- Unplug nearly everything… computers, TVs, appliances, microwaves, lamps, coffee makers, all of it! Look at every outlet in your house and most things can be unplugged in your absence. They WILL still consume “phantom power” even when not in use!
- Install timers on a few lights so your home still appears lived-in but they won’t glow 24-hours-a-day.
- Dial down the temperature or switch off the breaker on your water heater.
- If you clear out an overload of perishables in your refrigerator make sure it’s not too empty… you actually need some content to make it efficient. If it’s looking a bit empty, just fill and cover a few large pitchers of water.
That’s all it takes. A checklist and a little extra time and you can keep it green while you play away!
While my family and I have been enjoying the weekly produce from our CSA, I have also made my fair share of refrigerator snafus over the weeks. (Note to self: an overloaded fridge will freeze mustard greens and kaboko cabbage faster than you can SAY mustard greens and kaboko cabbage!)
Besides keeping the door closed as much as possible (unlike this photo!), here are three simple ways to keep it as energy efficient as possible:
- Keep it filled up but NOT overcrowded (yea, that freezing issue!) – if it starts to look a little empty, a few covered pitchers of water will do wonders.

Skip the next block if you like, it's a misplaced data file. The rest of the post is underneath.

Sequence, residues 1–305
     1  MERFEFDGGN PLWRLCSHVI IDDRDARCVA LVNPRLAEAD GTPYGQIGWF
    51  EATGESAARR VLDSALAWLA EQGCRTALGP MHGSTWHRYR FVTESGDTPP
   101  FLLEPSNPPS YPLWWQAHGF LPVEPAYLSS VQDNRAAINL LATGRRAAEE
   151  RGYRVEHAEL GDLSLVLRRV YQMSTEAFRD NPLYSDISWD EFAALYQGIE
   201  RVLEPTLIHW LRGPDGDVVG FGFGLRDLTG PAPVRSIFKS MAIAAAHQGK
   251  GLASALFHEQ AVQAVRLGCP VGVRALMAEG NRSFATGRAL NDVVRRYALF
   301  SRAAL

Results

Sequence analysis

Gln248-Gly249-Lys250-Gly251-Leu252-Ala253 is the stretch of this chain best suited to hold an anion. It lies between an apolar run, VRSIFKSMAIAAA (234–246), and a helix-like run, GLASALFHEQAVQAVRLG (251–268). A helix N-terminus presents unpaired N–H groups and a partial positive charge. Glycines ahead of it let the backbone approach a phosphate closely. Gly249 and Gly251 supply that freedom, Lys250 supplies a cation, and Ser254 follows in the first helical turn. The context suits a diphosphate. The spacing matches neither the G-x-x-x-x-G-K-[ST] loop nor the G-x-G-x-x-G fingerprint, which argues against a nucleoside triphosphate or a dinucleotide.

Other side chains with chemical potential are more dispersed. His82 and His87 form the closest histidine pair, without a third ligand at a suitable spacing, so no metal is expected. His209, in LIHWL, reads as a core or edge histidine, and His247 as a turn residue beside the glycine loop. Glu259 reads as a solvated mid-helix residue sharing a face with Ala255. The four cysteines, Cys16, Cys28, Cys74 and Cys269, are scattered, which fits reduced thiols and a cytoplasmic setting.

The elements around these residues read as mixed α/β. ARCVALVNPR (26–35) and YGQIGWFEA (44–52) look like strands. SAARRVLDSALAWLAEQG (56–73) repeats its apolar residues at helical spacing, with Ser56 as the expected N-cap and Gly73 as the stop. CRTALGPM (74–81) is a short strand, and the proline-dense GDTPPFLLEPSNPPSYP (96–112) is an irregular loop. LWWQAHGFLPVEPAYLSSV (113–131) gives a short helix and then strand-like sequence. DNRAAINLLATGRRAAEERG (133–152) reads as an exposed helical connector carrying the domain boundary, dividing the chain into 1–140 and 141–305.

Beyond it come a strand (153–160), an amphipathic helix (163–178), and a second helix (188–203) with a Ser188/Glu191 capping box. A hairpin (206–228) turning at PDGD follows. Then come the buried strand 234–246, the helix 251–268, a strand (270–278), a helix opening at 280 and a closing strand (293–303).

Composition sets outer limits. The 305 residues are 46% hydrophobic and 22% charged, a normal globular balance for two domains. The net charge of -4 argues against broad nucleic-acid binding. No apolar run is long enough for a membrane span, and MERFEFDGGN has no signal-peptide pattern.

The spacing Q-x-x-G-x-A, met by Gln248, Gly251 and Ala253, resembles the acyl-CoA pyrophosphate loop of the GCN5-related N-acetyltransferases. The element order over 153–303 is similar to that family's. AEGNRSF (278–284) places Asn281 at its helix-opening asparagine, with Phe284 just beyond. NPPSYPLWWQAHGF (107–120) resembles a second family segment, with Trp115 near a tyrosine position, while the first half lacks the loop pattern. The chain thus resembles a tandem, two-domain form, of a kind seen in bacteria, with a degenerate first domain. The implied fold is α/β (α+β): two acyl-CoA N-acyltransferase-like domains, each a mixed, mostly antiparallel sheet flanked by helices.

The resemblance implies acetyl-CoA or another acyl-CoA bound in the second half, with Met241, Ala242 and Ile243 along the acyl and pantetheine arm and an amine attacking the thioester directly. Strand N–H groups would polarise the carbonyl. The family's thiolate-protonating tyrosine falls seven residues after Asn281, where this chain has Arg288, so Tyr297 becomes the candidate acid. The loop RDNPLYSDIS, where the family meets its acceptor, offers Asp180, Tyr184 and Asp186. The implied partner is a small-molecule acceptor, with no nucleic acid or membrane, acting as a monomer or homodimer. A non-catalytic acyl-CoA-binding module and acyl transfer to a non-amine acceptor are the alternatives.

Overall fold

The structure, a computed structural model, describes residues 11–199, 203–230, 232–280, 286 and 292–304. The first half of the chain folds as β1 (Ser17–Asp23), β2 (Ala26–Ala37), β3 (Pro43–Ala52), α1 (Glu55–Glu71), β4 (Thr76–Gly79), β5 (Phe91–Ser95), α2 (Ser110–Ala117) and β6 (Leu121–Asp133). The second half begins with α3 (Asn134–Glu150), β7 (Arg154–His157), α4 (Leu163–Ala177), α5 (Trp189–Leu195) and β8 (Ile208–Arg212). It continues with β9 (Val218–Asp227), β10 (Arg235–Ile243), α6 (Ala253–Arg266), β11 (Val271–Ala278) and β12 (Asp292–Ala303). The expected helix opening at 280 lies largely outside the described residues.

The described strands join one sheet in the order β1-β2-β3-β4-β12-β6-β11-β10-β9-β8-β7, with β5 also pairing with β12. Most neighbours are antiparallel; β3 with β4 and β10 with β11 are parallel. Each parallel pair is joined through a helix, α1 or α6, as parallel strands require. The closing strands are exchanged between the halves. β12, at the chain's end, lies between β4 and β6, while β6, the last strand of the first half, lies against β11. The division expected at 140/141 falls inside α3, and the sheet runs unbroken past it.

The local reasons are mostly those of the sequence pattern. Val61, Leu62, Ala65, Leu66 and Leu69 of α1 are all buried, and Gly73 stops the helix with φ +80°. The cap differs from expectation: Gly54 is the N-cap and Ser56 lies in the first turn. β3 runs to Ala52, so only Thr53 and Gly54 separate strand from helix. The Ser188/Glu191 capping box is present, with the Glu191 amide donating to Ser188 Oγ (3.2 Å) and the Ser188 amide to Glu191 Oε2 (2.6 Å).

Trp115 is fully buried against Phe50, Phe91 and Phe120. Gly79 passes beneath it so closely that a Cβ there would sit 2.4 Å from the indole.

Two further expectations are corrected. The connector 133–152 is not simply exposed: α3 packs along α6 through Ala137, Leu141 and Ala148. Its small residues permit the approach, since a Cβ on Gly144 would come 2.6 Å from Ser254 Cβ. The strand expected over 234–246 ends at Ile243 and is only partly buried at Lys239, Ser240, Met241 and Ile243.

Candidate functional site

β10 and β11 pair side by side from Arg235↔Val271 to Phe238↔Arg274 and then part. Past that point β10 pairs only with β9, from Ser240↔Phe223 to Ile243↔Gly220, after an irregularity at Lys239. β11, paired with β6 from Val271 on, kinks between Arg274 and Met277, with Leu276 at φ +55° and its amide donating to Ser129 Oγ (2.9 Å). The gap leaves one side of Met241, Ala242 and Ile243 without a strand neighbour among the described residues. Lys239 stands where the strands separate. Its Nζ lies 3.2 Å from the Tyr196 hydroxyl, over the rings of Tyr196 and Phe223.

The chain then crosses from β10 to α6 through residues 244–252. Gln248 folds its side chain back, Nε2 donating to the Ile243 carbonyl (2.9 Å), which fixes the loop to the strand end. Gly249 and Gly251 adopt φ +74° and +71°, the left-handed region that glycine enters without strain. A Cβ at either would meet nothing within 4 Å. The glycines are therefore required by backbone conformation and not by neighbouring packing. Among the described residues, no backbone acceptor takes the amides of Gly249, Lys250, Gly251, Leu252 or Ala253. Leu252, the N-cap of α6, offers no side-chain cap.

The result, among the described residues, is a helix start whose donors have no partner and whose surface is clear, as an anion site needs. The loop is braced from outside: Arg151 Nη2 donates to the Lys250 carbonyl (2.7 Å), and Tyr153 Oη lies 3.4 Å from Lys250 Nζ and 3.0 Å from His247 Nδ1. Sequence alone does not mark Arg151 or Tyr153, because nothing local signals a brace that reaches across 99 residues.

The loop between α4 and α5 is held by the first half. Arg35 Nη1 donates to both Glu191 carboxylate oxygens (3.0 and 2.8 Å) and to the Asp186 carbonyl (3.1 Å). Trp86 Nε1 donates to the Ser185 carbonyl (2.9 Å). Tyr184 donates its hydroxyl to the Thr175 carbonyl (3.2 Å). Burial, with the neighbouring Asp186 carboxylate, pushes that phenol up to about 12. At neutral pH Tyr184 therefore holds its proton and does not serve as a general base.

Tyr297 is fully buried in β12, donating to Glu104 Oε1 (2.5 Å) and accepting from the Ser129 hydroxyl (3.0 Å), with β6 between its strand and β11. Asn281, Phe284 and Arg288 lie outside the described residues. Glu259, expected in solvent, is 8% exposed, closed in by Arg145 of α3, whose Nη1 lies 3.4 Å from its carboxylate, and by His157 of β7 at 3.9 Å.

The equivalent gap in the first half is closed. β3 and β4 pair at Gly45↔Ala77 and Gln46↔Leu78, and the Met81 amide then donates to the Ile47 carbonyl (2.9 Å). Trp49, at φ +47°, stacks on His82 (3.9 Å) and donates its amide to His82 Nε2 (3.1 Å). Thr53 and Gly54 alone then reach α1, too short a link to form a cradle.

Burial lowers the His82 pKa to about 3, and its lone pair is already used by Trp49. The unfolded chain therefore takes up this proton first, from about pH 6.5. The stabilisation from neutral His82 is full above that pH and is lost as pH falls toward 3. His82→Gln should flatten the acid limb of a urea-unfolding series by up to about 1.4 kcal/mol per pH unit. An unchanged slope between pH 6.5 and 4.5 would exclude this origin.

- Cover EVERYTHING – anything that is uncovered will release moisture and make the refrigerator work overtime to keep the contents cold.
- “Give it some space” – while you might be tempted to buy the largest fridge on the planet, it truly needs about 2 inches of space on all sides for proper air circulation and you especially don’t want anything that “heats” (dishwasher, stove, oven, etc.) nearby because it again makes it work harder than it needs to.
There you have it… 1, 2, 3… may your refrigerator runneth over with healthy (unfrozen) produce!
This weekend’s weather in Cleveland was sweltering… fortunately we didn’t reach the magnitude of the forecast a few months ago but 89 degrees and tropical levels of humidity do not make for a comfortable home.
It became obvious that it was going to be a central air conditioning day (we were having family over and it wasn’t feeling very pleasant). Well, as the story often goes… were we getting cold air? Oh, of course we weren’t.
We suffered through for a bit, and my husband even installed a new thermostat, but it was the wisdom of my father-in-law that taught us quite a lesson, and the answer came from this one simple question:
“Have you changed your filter lately?”
I’m embarrassed to say that we hadn’t… since “I don’t know when!”… so when we took a look, it was like something out of a horror film. I can’t even imagine that air could have filtered through that thing, so it’s no wonder our house never cooled down… until we replaced it, and then we were cool and comfortable.
The reason for the story? Because one seemingly small oversight has caused us to be horribly energy INefficient. That dirty filter slowed the flow of air and made the system work incredibly hard and, in turn, wasted energy. I’m sure it was doing the same thing to our furnace just a few months ago too.
The rule of thumb: replace it at least every three months, or more frequently in heavy usage months.
So there’s my confession, but the calendar is marked and I can now guarantee that Mom Goes Green will NOT miss the next replacement.